Wednesday, February 04, 2015

Death at 92 of Charlie Sifford, trail-blazing African-American

Charlie Sifford, who broke golf's colour barrier and helped desegregate the game, died Tuesday at age 92 (from Golf
Sifford, who became the first black golfer inducted into the World Golf Hall of Fame in 2001, and was just the third golfer, after Jack Nicklaus and Arnold Palmer, to receive the Presidential Medal of Freedom last November, suffered a bacterial infection and a stroke last week. He is pictured with the Medal.

He won twice on the US PGA Tour, but his scores on the course pale in comparison to what he did for the game. He was the first African American to receive a tour card after the PGA of America desegregated in 1961, and was known as the "Jackie Robinson of golf."
Tiger Woods has often cited Sifford as an inspiration, referring to him in a congratulatory tweet in November as "the grandpa I never had," adding, "Your past sacrifices allow me to play golf today. I'm so happy for you Charlie."
Born in Charlotte, North Carolina, Sifford began caddieing at 13. As he developed as a player, he competed in tournaments organized by black golfers, who were excluded from the PGA of America. He also coached band leader Billy Eckstine.
Sifford first tried to qualify for a PGA event at the 1952 Phoenix Open, using an invitation he got from former heavyweight champion Joe Louis, an avid golfer. Sifford was the object of threats and racial harassment there and at other tournaments.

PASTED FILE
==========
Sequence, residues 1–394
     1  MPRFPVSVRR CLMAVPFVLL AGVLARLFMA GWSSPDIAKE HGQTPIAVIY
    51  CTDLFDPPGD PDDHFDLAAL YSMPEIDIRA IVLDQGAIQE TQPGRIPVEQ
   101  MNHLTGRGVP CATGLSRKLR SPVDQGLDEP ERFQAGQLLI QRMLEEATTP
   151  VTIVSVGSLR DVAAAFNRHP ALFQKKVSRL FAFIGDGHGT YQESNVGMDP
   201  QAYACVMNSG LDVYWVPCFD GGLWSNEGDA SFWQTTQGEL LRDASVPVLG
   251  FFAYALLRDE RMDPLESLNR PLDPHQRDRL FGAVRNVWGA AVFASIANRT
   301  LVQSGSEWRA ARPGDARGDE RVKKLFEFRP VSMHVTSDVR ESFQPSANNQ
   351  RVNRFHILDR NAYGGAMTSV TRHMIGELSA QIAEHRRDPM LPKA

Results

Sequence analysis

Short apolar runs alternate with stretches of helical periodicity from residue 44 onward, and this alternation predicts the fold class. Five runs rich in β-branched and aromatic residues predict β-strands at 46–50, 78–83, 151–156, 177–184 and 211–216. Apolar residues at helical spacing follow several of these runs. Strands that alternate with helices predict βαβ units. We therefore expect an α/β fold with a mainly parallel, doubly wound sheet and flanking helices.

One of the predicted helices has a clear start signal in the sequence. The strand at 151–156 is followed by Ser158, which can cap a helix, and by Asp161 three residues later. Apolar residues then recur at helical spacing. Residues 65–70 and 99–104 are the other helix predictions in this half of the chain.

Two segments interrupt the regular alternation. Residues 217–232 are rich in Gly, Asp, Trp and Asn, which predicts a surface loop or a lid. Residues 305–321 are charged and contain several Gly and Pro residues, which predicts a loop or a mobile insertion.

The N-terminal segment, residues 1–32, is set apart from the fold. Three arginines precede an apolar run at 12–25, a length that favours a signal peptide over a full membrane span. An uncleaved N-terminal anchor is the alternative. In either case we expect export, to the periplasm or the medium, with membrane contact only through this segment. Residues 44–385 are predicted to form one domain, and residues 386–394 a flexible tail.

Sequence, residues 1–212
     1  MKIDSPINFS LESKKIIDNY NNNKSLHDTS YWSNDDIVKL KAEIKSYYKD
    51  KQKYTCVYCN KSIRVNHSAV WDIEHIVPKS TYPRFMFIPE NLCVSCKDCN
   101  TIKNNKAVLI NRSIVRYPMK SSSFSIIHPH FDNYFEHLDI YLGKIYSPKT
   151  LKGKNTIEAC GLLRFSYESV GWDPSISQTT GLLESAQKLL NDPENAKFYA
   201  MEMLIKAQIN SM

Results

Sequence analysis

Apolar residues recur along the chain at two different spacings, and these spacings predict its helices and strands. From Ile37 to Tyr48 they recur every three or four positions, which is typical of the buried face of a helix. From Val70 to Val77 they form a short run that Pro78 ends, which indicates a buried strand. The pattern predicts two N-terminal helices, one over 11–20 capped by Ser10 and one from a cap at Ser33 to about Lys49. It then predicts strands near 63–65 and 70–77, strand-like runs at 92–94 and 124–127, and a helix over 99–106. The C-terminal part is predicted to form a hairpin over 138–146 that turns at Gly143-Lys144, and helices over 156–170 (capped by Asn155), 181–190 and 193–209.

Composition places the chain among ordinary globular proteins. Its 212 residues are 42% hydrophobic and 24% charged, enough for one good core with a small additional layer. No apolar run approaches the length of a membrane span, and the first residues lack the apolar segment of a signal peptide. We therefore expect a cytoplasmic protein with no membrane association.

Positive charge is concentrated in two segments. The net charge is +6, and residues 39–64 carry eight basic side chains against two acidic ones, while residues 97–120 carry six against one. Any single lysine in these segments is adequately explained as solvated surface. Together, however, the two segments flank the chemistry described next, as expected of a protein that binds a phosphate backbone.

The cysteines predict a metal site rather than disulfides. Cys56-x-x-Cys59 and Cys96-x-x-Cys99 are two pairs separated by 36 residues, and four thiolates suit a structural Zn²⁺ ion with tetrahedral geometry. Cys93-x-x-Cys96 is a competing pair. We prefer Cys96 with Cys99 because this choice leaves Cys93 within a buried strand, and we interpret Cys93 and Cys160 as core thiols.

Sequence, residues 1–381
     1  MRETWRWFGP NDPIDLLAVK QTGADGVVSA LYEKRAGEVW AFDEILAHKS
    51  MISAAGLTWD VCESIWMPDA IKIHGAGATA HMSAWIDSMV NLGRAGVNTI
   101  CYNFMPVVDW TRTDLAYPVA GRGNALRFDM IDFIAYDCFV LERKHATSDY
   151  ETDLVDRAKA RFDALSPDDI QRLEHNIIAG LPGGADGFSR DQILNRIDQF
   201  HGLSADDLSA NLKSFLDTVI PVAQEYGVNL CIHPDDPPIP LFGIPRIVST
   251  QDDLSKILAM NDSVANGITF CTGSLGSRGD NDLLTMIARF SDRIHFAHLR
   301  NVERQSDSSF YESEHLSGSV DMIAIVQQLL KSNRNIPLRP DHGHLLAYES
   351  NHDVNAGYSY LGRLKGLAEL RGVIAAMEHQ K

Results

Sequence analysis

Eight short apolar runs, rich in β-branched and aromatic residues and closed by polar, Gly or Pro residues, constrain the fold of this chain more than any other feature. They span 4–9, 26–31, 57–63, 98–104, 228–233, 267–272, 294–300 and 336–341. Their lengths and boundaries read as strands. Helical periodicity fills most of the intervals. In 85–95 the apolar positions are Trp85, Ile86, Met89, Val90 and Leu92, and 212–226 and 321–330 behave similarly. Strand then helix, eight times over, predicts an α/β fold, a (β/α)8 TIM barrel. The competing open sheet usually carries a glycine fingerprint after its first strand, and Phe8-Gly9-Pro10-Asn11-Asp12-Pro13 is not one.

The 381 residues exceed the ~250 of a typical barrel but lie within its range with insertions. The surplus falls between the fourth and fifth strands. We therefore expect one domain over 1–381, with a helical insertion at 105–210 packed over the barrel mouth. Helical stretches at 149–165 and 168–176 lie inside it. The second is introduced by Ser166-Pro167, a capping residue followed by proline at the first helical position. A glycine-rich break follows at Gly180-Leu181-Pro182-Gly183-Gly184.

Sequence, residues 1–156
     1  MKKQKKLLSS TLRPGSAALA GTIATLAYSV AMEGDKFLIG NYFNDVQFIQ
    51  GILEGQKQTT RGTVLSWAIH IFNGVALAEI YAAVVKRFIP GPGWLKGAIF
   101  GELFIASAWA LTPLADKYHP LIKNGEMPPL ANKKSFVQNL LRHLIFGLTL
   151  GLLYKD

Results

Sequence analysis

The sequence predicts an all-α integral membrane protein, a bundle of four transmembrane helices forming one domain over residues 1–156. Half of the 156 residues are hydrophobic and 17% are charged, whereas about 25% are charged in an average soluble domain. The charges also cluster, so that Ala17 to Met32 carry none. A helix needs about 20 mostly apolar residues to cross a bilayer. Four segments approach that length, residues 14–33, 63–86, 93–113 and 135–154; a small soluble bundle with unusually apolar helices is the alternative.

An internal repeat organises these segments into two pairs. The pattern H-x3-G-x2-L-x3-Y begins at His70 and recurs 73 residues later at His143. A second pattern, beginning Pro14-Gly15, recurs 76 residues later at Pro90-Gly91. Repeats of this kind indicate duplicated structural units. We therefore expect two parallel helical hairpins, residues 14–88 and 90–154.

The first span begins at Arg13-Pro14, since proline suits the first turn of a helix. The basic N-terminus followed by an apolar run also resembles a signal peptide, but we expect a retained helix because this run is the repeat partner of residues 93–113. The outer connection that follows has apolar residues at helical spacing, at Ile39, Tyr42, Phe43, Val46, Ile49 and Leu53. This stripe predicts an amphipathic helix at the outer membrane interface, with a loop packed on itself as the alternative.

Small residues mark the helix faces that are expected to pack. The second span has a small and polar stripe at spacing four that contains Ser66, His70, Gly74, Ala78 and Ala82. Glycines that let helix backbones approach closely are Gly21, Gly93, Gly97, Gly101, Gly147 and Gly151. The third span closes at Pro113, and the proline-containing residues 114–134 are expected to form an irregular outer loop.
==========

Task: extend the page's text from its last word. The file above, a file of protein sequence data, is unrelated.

In 1957 he won the Long Beach Open, which was not an official PGA event, but was co-sponsored by the PGA. After gaining his tour card, he won the 1967 Greater Hartford Open Invitational and the 1969 Los Angeles Open. Neither win, however, procured him an invitation to the Masters, which did not invite an African American to play until Lee Elder in 1975.
Sifford's 1992 autobiography, "Just Let Me Play," written with James Gullo, revealed some of the prejudice and abuse Sifford was subjected to, on and off the course, including not being allowed to eat in many clubhouse dining rooms, not being allowed to stay in many hotels and not being allowed to play in many tournaments. And there were death threats, but despite everything, Sifford refused to back down.

Another black golfer, Walter Morgan, told Rhonda Glenn of the USGA that he tried to read Sifford's book, but became too emotional to finish it. “The stuff that he had to go through ... I couldn’t have gone through that, but thank God he did,” Morgan told Glenn. “His book is right, ‘Just Let Me Play.’ And he took it, that kind of stuff. I just don’t think I could have taken that. I really don’t.”

As a senior player, Sifford had two individual wins and six team wins. He captured the US PGA Seniors' Championship in 1975, five years before it became a Champions Tour major. He also won the 1980 Suntree Classic. He had six wins in the Liberty Mutual Legends of Golf tournament, teaming with Roberto DeVicenzo to win the Legendary Division in 1988, '89 and '91, and with Joe Jimenez to win the Demaret Division in 1998-2000.  



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